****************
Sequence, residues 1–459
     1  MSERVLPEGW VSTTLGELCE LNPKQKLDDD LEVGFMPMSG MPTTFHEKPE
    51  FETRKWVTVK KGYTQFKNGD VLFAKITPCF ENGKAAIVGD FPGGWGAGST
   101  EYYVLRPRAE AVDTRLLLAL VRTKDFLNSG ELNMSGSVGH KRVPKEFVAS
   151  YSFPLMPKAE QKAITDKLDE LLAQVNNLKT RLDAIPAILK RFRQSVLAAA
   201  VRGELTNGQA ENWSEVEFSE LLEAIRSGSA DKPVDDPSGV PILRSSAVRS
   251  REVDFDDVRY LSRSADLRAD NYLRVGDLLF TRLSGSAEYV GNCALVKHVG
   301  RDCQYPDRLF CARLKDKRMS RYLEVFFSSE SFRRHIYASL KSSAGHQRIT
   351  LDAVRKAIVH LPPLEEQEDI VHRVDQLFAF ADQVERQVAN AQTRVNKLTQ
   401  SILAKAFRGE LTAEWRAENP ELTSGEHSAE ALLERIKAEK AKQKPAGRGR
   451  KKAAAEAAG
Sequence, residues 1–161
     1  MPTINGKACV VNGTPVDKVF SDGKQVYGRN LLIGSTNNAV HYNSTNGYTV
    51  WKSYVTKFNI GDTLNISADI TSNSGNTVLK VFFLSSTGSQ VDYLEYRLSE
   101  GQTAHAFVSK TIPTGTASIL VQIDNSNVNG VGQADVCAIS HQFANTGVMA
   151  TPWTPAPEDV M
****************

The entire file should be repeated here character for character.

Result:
Sequence, residues 1–459
     1  MSERVLPEGW VSTTLGELCE LNPKQKLDDD LEVGFMPMSG MPTTFHEKPE
    51  FETRKWVTVK KGYTQFKNGD VLFAKITPCF ENGKAAIVGD FPGGWGAGST
   101  EYYVLRPRAE AVDTRLLLAL VRTKDFLNSG ELNMSGSVGH KRVPKEFVAS
   151  YSFPLMPKAE QKAITDKLDE LLAQVNNLKT RLDAIPAILK RFRQSVLAAA
   201  VRGELTNGQA ENWSEVEFSE LLEAIRSGSA DKPVDDPSGV PILRSSAVRS
   251  REVDFDDVRY LSRSADLRAD NYLRVGDLLF TRLSGSAEYV GNCALVKHVG
   301  RDCQYPDRLF CARLKDKRMS RYLEVFFSSE SFRRHIYASL KSSAGHQRIT
   351  LDAVRKAIVH LPPLEEQEDI VHRVDQLFAF ADQVERQVAN AQTRVNKLTQ
   401  SILAKAFRGE LTAEWRAENP ELTSGEHSAE ALLERIKAEK AKQKPAGRGR
   451  KKAAAEAAG
Sequence, residues 1–161
     1  MPTINGKACV VNGTPVDKVF SDGKQVYGRN LLIGSTNNAV HYNSTNGYTV
    51  WKSYVTKFNI GDTLNISADI TSNSGNTVLK VFFLSSTGSQ VDYLEYRLSE
   101  GQTAHAFVSK TIPTGTASIL VQIDNSNVNG VGQADVCAIS HQFANTGVMA
   151  TPWTPAPEDV M